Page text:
Saquon Barkley has considered sitting out 2023 season amid contract dispute

Saquon Barkley has considered sitting out 2023 season amid contract dispute
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The New York Giants failed to reach an extension with Saquon Barkley before Monday’s deadline.

Now, there’s at least a chance they don’t see their star running back in 2023.

During an appearance on “The Money Matters” podcast, which was recorded days before the deadline and published on Monday, Barkley said he’s considered sitting out for the entire 2023 NFL season amid his contract dispute with the Giants.

“My leverage is I could say, ‘F- you’ to the Giants. I could say, ‘F- you’ to my teammates,” Barkley said. “And be like, ‘You want me to show you my worth? You want me to show you how valuable I am to the team? I won’t show up. I won’t play a down.’ And that’s a play I could use.

“Anybody [who] knows me, knows that’s not something I want to do. But is it something that’s crossed my mind? I never thought I would ever do that. But now I’m at a point where I’m like, ‘Jesus, I might have to take it to this level.’

“Am I prepared to take it to this level? I don’t know. That’s something [where] I gotta sit down and talk to my family, talk to my team and really strategize about this. You can’t just go off emotions.”

That leverage ultimately didn’t land Barkley a new deal as he was one of three franchise-tagged running backs, along with the Dallas Cowboys’ Tony Pollard and the Las Vegas Raiders’ Josh Jacobs, who didn’t get extended. They were just the latest victims of a harsh running back market, which hasn’t seen a long-term deal worth an average of at least $10 million annually since 2021.

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Barkley tweeted “It is what it is” after the deadline passed, while other star running backs like Christian McCaffrey, Derrick Henry and Jonathan Taylor sounded off on how the position is valued in today’s NFL.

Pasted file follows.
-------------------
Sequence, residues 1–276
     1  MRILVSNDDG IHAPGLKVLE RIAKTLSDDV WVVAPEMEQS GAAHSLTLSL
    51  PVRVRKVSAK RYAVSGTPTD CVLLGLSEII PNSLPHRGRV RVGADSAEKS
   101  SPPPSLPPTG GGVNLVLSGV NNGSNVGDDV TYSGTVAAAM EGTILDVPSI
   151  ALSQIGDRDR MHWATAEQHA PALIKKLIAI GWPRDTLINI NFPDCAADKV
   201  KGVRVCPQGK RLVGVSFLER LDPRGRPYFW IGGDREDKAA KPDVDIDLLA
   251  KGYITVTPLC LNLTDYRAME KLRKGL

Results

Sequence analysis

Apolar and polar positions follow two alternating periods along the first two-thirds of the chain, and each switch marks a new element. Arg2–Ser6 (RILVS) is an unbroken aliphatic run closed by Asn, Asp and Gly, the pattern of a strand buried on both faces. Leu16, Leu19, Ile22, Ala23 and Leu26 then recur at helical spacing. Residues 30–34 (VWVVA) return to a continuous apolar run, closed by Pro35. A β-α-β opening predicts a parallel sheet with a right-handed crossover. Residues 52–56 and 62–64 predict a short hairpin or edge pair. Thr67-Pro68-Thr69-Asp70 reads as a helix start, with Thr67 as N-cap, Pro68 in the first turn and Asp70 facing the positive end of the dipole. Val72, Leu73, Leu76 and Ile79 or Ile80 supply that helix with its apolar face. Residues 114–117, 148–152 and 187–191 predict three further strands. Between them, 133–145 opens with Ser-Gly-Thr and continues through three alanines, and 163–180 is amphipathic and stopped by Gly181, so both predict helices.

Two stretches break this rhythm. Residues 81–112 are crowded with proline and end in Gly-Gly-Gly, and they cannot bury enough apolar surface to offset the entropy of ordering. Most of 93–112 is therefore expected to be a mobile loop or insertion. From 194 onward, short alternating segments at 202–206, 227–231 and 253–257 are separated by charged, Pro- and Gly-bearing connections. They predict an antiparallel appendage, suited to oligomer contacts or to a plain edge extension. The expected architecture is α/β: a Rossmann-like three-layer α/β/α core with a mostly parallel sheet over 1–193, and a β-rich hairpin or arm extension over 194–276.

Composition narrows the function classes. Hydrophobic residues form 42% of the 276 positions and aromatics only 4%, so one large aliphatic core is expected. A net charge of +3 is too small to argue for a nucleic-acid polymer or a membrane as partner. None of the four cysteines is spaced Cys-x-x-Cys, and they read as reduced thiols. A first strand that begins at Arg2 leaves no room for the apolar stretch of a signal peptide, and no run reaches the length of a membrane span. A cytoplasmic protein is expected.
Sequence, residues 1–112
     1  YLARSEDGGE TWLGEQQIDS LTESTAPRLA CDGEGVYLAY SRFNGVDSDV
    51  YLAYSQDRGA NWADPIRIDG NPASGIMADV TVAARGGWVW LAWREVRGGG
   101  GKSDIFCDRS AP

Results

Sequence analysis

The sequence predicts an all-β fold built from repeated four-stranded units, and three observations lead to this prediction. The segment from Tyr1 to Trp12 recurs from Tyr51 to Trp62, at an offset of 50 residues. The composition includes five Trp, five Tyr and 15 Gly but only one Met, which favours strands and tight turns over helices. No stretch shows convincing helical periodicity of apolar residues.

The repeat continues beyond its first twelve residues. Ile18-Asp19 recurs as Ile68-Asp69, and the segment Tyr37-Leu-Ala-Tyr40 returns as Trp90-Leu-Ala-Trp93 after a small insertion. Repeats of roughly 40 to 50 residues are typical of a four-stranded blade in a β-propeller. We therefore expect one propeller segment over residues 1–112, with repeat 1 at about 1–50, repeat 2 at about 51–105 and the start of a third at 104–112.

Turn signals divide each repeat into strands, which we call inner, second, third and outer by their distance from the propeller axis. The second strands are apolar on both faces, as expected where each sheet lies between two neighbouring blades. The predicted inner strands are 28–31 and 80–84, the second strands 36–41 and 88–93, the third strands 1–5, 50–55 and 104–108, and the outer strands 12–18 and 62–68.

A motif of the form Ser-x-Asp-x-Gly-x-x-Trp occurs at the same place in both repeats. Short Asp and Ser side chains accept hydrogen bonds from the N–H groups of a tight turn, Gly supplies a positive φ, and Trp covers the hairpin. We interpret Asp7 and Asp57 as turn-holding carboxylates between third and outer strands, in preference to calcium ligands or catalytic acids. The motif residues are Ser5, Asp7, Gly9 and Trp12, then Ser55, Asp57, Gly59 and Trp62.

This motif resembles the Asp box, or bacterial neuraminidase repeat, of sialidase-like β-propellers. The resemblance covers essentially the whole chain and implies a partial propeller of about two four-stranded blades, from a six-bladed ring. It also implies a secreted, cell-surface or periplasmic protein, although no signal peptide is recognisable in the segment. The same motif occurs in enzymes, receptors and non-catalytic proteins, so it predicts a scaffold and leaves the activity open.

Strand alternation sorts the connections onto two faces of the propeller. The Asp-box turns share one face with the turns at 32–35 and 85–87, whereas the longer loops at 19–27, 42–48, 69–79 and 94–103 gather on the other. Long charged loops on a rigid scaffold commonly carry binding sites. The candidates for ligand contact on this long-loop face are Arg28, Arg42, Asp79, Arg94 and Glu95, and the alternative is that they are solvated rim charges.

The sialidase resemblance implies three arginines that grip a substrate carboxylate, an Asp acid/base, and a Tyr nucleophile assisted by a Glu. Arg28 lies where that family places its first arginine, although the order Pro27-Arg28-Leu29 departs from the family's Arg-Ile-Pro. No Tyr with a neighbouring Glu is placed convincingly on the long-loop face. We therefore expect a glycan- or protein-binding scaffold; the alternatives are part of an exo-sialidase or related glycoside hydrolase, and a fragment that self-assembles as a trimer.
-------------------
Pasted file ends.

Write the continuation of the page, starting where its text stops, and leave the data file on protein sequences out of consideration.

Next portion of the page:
On the podcast, Barkley voiced his belief in being the top player at his position, but that he wasn’t demanding a deal that would have paid him as such. The franchise tag is a one-year contract worth $10.1 million, and the Giants would have the ability to tag Barkley again for the 2024 season. Barkley can’t negotiate a long-term deal again until after next season, though the Giants can give him a raise for 2023.

ESPN’s Adam Schefter reported on Tuesday that Barkley hasn’t signed his franchise tender yet and isn’t expected to report to training camp. The Giants can’t fine Barkley for missing training camp and the two-time Pro Bowler would only lose money for sitting out regular-season games.

The question now becomes whether Barkley will actually go the Le’Veon Bell route. Bell sat out for the entire 2018 season after being franchise tagged by the Pittsburgh Steelers. The following offseason, he inked a four-year, $52.5 million deal, including $35 million guaranteed, with the New York Jets. He was then released during Year 2 with the Jets before bouncing around between the Kansas City Chiefs, Baltimore Ravens and Tampa Bay Buccaneers over the next one-plus seasons.

Barkley, 26, is coming off a stellar bounce-back season. Two years removed from a torn ACL, Barkley posted 1,312 yards and 10 touchdowns on the ground over 16 games, along with catching 57 passes for 338 yards. He accounted for 27.7% of the team’s scrimmage yards as New York reached the playoffs for the first time since 2016.

  The Wall Street Journal